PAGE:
The Meaning of Life

Life's questions are 'answered' in a series of outrageous vignettes, beginning with a staid London insurance company which transforms before our eyes into a pirate ship. Then there's the National Health doctors who try to claim a healthy liver from a still-living donor. The world's most voracious glutton brings the art of vomiting to new heights before his spectacular demise.


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  • ★★★★ review by DirkH on Letterboxd

    'Every Sperm is Sacred' is perhaps one of the most beautiful and life affirming songs ever written.

  • ★★★★ review by YI JIAN on Letterboxd

    (See: Monty Python and the Holy Grail)

    I'm trying to come up with a reason as to why, despite not liking Holy Grail, I was amused by The Meaning of Life. The two share the same style and the same absurdist humor. Yet unlike my first attempt at the Monty Python series, something clicked here. I was actually having fun! It's not like they've toned down or anything, quite the opposite really, they've went even further over the top this time. It's longer, gorier, and quite unbelievably -- even more random. Characters and settings change in a matter of seconds, the narrator can just interrupt halfway and turn the story upside down. Perhaps this is the reason. The Meaning of Life does not try to make sense. It's just a handful of jokes pieced together to make a film. It has taken advantage of its chaotic nature to present its humor as naturally as possible.

    Now Holy Grail, on the other hand, is also a collection of jokes meshed into a film, but they tried to give it a structure, a backbone in the form a plot. Suddenly, it felt like the jokes don't belong where they are anymore. They looked crammed, uncomfortable. An encounter became an excuse for a joke to be made, and most of them fell flat anyway. So yeah, overall it took me out of the experience. But it's just me, of course, a lot of people would say otherwise.

  • ★★★★ review by Mr. DuLac on Letterboxd

    And finally, a wafer thin mint.

    -Maitre d'

    Even though the Pythons themselves would call this their lesser film it still comes pretty damn close to the quality of The Holy Grail and Life of Brian. It's obvious weakness in comparison is that there is no real narrative with The Meaning of Life simply being an excuse to string together the skits, but it's also a strength as the film goes in pretty much any damn direction it wants.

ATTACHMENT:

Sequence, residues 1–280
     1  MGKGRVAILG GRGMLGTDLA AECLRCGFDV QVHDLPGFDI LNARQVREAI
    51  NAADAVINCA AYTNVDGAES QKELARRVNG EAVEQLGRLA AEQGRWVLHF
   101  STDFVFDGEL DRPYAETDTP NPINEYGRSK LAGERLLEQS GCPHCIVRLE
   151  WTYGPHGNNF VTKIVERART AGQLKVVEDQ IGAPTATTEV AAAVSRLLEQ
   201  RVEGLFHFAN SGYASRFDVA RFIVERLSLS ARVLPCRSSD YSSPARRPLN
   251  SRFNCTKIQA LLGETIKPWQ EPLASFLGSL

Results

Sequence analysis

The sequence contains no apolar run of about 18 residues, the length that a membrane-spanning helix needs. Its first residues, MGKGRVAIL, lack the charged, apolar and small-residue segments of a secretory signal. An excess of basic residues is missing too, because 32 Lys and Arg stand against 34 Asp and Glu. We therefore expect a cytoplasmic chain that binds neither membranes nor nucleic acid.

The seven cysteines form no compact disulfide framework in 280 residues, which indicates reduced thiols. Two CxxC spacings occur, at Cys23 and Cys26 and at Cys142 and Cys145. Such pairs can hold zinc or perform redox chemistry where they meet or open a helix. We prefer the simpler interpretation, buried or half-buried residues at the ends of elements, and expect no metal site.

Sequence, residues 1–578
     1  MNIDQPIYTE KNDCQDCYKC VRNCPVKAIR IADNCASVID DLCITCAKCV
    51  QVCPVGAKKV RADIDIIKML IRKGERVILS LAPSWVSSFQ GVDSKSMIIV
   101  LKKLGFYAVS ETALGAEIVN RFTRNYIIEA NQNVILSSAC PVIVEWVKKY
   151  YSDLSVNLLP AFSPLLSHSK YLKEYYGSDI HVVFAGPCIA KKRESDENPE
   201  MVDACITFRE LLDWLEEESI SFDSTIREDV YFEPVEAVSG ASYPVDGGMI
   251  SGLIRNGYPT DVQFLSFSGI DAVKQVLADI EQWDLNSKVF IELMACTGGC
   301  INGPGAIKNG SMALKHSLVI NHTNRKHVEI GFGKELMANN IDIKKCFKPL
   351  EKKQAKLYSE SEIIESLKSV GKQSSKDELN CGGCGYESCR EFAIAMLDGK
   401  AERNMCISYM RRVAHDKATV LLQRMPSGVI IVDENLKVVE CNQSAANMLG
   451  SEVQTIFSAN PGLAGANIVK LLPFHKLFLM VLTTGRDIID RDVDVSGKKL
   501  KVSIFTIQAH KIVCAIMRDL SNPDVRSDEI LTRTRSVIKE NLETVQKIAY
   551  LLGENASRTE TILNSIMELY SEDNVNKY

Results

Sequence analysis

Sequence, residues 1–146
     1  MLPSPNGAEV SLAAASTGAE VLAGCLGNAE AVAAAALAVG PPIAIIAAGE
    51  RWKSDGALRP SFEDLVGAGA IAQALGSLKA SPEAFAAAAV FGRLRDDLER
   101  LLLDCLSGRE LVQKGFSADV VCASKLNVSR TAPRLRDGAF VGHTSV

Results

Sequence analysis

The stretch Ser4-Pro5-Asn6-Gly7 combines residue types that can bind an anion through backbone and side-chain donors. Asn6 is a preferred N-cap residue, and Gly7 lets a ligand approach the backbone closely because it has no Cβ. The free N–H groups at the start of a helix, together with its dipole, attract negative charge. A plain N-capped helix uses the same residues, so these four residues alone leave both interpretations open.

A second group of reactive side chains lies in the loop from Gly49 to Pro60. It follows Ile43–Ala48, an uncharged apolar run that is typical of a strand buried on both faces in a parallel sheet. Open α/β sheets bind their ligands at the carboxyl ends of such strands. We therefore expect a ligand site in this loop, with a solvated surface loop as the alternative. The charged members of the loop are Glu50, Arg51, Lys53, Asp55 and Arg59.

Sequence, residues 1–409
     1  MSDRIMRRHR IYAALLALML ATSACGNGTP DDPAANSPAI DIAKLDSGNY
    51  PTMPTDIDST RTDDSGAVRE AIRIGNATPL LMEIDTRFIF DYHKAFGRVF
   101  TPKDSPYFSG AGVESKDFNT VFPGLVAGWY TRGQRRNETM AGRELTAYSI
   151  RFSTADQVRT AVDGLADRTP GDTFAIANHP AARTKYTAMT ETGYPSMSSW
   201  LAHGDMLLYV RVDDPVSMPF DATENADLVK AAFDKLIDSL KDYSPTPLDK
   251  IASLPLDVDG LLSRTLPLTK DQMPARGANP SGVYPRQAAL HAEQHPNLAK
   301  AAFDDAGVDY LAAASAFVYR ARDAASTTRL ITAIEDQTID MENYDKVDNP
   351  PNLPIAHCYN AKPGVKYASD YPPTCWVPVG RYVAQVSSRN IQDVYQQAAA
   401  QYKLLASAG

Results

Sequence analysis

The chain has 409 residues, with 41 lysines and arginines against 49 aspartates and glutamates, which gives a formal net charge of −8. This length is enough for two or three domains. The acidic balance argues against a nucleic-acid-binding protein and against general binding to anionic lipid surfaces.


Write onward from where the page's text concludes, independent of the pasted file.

Each sketch is loosely connected to a different stage of life and overall the tone of the film feels darker then the Phythons previous films somehow. Like your in the mind of a madman, or one of the Pythons. Obviously the closest film to Monty Python's Flying Circus, but on a much grander scale complete with musical numbers. Just how catchy is "Every Sperm is Scared"?

    The film isn't just funny because it's controversial or dark either. The material written is funny no doubt, written by comedic geniuses, but it's also the performance of these masters of surreal comedy that makes the film so damn amazingly hilarious. The comedic timing, deadpan delivery, sense of humor and overall chemistry of Terry Jones, Graham Chapman, John Cleese, Terry Gilliam, Eric Idle and Michael Palin is something incredibly special that might only come along once in a lifetime. They are also sick and twisted bastards.

  • ★★★★½ review by Matt J. on Letterboxd

    Except for the opening sequence, which goes on about 15 minutes too long for my taste, this is a brilliant collection of loosely-connected sketches. I could list any number of scenes as my favorite, but for now I'd have to say my favorite is the sketch in which a man (Graham Chapman) is describing the virtues of Protestantism to his wife (Eric Idle), who slowly becomes increasingly more aroused throughout the scene.

    It's hard to believe this film is over 30 years old.

  • ★★★★★ review by laird on Letterboxd

    I guess I've reached an age where this is my favorite Monty Python movie. So absurd and satirical that, minus some musical numbers and animation, it could easily be mistaken for one of Luis Buñuel's surreal attacks on bourgeois social norms.

    "When Martin Luther nailed his protest up to the church door in 1517, he may not have realized the full significance of what he was doing. But four hundred years later, thanks to him, my dear, I can wear whatever I want on my John Thomas."

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